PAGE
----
·                Currently one Council Local Laws officer, with other delegations, attends to NSI and SMBI with time spread between the Islands.

·                On average this officer will attend NSI twice per fortnight and one visit per fortnight is planned for the other Islands, however this may vary if the demand for increased visits is required.

·                Council will need to train an officer to be delegated to enforce Local Law 7 if Council wishes to proceed with allowing camping in its public open spaces in the future

·                Such a delegated officer might be one who is already based on the island so they can respond quickly if need be

·                Such a delegated officer could be given a list of bookings each week and check weekly or fortnightly or as requested, the park for overstayers and people camping without a booking

·                If camping is permitted it could also be regulated under Local Law 15.

·                A Parks and Conservation Office, based on SMBI are delegated under Local Law 15.

Risk Management Issues

·                Matters that would need Police intervention and assistance could include:

·           Drunken disorderly behaviour

·           Violence towards self, other campers, members of the public, local residents

·           Vandalism or theft of public or private property

·           Hooning in vehicles

·           Emergencies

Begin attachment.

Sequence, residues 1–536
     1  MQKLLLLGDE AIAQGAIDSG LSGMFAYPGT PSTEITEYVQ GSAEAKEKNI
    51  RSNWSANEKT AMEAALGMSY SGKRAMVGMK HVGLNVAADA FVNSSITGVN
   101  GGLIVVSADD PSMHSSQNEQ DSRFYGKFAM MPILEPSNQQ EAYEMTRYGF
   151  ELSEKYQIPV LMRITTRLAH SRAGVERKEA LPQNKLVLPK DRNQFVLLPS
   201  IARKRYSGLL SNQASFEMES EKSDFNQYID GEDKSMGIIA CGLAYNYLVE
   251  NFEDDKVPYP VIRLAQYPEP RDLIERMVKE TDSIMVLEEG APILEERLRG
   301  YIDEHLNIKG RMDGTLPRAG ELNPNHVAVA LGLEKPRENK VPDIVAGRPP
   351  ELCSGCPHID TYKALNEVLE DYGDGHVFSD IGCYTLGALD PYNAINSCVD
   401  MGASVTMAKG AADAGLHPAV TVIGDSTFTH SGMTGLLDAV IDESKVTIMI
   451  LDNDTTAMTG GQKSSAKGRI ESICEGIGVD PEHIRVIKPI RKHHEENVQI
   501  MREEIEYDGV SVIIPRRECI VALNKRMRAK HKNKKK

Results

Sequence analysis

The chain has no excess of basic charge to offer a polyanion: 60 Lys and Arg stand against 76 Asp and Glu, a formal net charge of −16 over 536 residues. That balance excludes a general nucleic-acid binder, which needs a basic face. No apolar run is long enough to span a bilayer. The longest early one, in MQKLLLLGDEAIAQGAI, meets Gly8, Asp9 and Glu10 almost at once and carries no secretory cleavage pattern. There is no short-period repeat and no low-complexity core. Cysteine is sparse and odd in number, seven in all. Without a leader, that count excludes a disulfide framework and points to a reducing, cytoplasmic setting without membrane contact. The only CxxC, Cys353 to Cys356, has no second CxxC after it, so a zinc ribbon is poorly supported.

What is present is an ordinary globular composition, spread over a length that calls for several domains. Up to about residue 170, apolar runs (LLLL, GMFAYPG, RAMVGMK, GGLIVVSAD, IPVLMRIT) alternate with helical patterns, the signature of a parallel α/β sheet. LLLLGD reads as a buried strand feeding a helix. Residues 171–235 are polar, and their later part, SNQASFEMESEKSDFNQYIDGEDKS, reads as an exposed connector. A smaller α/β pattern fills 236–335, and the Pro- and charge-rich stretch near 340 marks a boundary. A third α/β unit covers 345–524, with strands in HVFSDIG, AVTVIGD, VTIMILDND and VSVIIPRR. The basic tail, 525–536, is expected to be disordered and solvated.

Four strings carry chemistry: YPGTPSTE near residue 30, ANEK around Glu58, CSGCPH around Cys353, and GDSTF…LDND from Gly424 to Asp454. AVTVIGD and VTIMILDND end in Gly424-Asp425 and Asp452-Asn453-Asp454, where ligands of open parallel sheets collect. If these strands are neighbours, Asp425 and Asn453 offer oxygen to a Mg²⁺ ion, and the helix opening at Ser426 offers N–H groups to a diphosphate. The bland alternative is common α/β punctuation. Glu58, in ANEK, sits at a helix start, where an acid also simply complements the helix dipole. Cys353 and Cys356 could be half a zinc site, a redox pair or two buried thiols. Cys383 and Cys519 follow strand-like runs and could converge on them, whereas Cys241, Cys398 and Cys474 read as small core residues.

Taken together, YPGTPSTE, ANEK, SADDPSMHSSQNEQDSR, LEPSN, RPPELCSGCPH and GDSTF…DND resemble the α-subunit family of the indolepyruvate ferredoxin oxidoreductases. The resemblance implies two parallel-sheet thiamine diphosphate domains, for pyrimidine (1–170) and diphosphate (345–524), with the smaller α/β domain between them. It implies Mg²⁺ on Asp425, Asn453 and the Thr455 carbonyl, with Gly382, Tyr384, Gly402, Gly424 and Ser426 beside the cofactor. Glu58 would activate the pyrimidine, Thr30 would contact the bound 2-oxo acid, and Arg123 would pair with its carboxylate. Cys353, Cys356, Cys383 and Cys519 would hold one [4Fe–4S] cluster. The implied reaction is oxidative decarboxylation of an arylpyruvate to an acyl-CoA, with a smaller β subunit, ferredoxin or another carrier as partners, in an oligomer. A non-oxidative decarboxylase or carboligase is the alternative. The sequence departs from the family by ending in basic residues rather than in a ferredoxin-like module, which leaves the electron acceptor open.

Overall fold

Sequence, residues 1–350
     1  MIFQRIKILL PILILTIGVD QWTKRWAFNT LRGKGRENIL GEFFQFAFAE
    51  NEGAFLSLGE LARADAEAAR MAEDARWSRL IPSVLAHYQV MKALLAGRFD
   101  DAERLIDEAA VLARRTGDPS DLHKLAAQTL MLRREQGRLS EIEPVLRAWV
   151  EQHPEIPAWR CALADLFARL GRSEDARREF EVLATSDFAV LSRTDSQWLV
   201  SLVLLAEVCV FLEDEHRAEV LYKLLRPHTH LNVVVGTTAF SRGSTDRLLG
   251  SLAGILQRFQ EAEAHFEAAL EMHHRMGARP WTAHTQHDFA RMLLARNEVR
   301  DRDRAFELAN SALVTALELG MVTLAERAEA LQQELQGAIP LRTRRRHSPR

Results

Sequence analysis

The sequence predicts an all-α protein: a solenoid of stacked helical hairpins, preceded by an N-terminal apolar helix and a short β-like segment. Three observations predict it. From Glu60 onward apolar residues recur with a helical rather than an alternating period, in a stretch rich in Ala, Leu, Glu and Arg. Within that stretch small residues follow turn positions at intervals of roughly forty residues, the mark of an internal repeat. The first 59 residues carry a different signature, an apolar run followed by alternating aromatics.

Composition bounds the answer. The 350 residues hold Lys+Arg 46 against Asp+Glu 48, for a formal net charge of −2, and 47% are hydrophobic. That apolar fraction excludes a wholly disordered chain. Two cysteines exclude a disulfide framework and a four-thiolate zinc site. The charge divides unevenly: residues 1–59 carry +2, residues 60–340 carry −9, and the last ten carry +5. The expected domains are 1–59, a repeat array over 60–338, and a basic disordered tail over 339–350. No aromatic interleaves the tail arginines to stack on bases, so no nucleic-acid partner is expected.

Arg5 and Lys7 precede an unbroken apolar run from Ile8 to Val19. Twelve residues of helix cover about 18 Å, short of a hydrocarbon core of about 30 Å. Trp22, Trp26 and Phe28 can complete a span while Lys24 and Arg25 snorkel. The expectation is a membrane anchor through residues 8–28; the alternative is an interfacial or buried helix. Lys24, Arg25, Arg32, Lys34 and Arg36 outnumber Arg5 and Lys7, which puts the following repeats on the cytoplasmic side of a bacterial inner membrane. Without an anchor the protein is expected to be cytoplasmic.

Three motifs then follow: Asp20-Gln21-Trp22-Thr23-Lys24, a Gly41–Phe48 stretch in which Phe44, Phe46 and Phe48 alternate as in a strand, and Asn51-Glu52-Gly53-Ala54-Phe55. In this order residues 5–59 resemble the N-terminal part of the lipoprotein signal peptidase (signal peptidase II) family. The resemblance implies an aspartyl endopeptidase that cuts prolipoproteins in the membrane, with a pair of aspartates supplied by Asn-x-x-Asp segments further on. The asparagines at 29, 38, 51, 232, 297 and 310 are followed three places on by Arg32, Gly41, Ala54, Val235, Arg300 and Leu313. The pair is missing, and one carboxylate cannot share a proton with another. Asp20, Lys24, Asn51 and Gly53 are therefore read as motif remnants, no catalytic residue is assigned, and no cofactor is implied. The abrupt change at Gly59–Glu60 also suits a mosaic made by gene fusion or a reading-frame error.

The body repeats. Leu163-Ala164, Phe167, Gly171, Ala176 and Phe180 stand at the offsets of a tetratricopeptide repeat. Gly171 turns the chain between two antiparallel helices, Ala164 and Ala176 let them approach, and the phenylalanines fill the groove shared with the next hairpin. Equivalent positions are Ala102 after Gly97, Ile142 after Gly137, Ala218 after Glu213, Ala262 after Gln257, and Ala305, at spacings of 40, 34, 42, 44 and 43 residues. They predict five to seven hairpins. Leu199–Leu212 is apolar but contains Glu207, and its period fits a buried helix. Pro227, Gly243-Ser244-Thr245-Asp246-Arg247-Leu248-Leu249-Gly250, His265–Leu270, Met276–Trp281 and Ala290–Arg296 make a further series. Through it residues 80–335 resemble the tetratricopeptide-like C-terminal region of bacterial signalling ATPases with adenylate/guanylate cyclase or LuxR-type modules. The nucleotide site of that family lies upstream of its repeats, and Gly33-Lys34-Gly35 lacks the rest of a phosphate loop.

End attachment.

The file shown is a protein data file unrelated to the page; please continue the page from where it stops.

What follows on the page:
·           Accidents

·                Matters that would require RCC intervention and assistance:

·           Vandalism to RCC property

·           Overstaying a camp booking

·           Camping without a permit

·           Littering

·           Activities in the park causing harm or potential harm to other park users (Local Law 15 & 7)

·           Flooding, storm surge, Storm damage

·           Emergency response, signage, road closures etc

Options for Camping in Lions Boulevard Park

1. Small group camping

·                Lions Boulevard Park could be only offered as an overnight camping spot for organised outdoor education, outdoor recreation, eco-tourism groups travelling by kayak, canoe, sailing dingy or motor boat

·                These small groups could include scouts, sea scouts, cadets, guides, canoe clubs, church groups, schools, green corp., back packers or any organised group

·                Benefits of limited group camping

·           Treat the camping “event” as a parks booking

·           Limit the size of the group

·           Limited times of the year (e.g. 12 times per year)

·           Highly managed “events”